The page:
Black Sheep: New Mixtape From Toronto Rapper Ramone Is The Therapy You Need Right Now

Black Sheep: New Mixtape From Toronto Rapper Ramone Is The Therapy You Need Right Now

With mixtape Black Sheep right around the corner, Toronto-based rapper Ramone is poised to take the world of hip-hop by storm. Writing and recording the entire mixtape in just under four weeks, Ramone blends his R&B roots with raw verses to produce something unique in the overcrowded Toronto music scene. Cutting through the noise, especially during a worldwide pandemic, isn’t easy, but Ramone’s newest project has a punch and passion that’s hard to ignore even in times like these.

Dropping on June 20th, Black Sheep represents a huge step up in Ramone’s lyrical career. The title itself harkens back to Ramone’s embrace of outsider status in a city run by insiders; “I called this project Black Sheep because I feel like in the city of Toronto, I’m not your typical artist,” explains Ramone. “I stand alone with my sound, direction and how I live my life. I’ve never cared to be in the cliques of the Toronto music industry. I just care about the music.”

Black Sheep though he may be, Ramone has quickly risen to musical prominence outside of his homebase Toronto by weaving together R&B samples and next-gen lyrics in a startlingly refreshing way. The mixtape’s cover itself best conveys the message contained in the verses: decked in gold chains, the artist bows his head and looks to the ground. A humble homage to the strings of past lives teased apart and woven together again through songs like “Dear Diary” and “Make My Way.”  

When asked about his past, Ramone reveals another edge to Black Sheep: “My story is not just the traditional ‘I started from nothing, and now I’m here,’” the artist says. “It’s more technical for me. I grew up in a good home, with positive influences. However, I got kicked out at seventeen and have had to fend for myself and deal with the real world from a very young age. I made a lot of mistakes, but I was able to grow and become the man I am now. I use all of those life experiences and put it in my music so that anyone who has gone through similar hardships can relate.”

The mixtape’s release comes at a difficult time for the music industry and the world at large. With quarantine and curfews shutting down major cities and the summer concert season all but finished, many artists have retreated from the limelight to wait out the storm. Yet the slowdown presents an opportunity for those with the hustle to exploit it. Instead of waiting on a better opportunity to present itself, Ramone made one himself, recording the entirety of Black Sheep from quarantine.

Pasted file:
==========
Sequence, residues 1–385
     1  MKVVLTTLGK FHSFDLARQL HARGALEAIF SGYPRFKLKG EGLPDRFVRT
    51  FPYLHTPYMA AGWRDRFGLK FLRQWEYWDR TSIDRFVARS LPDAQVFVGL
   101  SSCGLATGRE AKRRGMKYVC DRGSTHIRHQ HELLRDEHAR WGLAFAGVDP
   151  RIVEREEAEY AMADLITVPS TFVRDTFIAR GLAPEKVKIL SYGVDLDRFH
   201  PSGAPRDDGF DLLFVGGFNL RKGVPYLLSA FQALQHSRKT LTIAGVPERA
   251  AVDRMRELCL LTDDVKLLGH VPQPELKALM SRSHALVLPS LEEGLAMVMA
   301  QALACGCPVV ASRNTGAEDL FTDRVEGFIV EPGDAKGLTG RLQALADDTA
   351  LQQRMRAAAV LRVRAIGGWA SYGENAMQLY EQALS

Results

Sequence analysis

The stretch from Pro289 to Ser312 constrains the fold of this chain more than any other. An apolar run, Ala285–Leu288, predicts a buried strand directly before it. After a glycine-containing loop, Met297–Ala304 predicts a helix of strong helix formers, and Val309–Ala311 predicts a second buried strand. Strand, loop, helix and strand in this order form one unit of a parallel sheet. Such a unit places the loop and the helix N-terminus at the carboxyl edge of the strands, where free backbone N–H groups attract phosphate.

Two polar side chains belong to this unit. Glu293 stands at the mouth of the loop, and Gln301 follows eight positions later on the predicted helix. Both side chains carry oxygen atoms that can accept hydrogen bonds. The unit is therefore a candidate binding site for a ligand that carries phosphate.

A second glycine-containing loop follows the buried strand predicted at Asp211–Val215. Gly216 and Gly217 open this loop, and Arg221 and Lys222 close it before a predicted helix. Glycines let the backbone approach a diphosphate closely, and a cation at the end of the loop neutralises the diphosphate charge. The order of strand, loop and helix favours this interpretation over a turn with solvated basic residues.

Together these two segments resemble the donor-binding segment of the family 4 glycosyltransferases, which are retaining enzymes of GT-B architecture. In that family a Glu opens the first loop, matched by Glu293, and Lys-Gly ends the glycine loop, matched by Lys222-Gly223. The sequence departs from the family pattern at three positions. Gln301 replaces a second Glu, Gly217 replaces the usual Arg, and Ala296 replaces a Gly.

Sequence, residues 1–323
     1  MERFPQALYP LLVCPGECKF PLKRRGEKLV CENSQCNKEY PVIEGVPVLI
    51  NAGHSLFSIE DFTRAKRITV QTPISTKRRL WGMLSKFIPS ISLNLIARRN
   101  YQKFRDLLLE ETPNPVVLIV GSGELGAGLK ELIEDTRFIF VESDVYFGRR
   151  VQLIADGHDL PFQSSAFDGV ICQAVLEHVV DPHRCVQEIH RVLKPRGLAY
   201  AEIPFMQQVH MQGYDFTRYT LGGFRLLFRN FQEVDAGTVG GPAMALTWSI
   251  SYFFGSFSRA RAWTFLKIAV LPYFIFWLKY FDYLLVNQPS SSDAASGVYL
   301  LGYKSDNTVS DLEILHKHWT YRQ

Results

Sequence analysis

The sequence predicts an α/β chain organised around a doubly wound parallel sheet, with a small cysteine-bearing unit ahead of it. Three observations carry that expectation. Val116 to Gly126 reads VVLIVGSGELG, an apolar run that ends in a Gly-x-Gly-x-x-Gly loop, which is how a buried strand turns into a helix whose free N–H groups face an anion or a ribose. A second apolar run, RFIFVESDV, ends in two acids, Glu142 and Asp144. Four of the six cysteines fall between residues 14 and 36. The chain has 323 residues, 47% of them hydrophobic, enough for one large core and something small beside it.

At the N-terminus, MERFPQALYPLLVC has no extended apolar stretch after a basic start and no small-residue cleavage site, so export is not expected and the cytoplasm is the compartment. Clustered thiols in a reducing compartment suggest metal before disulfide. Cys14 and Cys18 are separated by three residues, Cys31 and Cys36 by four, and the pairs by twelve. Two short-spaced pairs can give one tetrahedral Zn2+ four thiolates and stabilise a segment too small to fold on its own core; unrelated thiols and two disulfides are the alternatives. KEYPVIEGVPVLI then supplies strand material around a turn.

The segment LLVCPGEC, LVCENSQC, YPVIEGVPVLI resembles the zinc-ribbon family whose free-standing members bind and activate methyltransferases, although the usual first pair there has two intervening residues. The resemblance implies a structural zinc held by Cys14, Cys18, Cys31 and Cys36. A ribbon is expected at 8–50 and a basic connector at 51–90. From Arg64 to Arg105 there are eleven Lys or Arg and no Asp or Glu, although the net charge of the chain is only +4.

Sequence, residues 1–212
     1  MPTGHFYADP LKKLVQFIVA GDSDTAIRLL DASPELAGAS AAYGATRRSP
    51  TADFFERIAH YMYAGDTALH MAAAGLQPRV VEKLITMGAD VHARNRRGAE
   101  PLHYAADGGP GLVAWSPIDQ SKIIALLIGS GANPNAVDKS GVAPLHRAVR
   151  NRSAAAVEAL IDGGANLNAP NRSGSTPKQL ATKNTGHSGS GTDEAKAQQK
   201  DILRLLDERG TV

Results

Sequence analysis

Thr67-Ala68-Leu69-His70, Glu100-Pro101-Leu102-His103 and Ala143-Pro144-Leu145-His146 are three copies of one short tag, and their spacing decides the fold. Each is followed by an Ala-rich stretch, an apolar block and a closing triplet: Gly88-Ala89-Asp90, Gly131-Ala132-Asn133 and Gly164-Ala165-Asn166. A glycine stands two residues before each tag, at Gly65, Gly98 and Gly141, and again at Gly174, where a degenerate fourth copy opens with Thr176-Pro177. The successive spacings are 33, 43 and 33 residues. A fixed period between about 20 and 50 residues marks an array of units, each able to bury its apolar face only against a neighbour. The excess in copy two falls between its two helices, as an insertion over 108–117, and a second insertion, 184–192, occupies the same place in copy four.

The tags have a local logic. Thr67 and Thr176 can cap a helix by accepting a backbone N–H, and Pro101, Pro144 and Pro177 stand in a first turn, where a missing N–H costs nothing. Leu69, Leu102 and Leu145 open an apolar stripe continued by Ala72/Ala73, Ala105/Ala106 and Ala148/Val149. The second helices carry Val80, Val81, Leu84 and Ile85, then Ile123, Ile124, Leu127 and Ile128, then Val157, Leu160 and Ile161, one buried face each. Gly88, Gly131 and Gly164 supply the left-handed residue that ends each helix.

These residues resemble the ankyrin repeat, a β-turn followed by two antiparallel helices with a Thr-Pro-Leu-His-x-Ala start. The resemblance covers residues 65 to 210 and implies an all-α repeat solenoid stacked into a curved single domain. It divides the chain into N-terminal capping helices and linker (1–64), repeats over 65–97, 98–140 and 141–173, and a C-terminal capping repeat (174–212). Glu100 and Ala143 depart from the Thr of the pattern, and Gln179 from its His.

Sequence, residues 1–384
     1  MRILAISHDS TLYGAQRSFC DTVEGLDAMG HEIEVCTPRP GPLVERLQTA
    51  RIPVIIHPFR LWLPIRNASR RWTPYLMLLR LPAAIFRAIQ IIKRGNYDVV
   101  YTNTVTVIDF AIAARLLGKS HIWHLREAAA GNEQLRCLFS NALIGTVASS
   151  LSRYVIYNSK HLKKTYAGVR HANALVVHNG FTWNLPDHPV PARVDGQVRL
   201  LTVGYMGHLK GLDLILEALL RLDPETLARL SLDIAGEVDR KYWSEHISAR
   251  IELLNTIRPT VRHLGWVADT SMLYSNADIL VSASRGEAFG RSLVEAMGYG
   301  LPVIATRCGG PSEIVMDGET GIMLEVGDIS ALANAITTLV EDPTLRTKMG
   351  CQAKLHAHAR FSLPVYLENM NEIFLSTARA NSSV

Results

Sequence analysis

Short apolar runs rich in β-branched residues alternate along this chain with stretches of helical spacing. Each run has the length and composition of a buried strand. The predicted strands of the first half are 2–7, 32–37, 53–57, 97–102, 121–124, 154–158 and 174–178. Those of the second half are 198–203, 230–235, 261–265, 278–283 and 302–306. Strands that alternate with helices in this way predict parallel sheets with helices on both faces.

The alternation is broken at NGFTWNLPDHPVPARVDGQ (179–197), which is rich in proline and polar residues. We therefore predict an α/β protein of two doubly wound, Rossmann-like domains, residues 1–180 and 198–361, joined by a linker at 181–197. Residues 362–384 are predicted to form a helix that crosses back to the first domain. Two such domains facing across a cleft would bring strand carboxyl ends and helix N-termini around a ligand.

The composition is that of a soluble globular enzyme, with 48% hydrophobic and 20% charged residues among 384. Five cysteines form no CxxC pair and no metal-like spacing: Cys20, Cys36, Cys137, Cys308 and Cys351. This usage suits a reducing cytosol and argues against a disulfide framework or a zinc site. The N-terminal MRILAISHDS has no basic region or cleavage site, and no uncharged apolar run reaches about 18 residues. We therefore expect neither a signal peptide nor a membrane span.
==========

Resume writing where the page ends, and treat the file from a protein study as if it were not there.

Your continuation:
For Ramone, creating his own opportunities in the face of hardship is nothing new. From the beginning, the artist simply worked with the materials in front of him to produce music. “When I was about 10 years old,” he recounts, “I’d seen artists that were my age at the time, on TV. I was in awe that you could be so young and make music. I got a yellow pages book with pencil crayons and started rapping over the beats that same day.” He hasn’t slowed down since.

Yet making music comes with challenges of its own, no matter what’s happening in the outside world. The struggle to create, to breath life into a verse is primal to the work of artists like Ramone. That struggle stems from the artist’s world, both inside and out, and must be dealt with on its own terms. In Black Sheep, Ramone comes head to head with that struggle and overcomes, but the battle is not without its casualties.

Speaking on struggle and success, Ramone keeps his message on point: “I don’t rap to fit in. I don’t rap to appropriate culture; I am the culture. A lot of artists are in the music game for the wrong reasons. I do this to survive and feed my family. I was raised off self respect and dignity. You will hear that a lot on this project.”

That culture of respect, dignity, and survival can be found in every aural grain of Black Sheep, pulling the artist’s past into the present and driving headfirst it into your eardrums. Though the world may look bleak right now, Ramone’s work reminds us to look inside and realize that we can overcome.  “Fear is lack of faith,” says Ramone. “I’m a spiritual being. I believe that if you are truly faithful in whatever you believe in, fear cannot exist in that space, just the idea of fear.”

Black Sheep drops June 20th on all major streaming services. Find Ramone on Instagram and Twitter.

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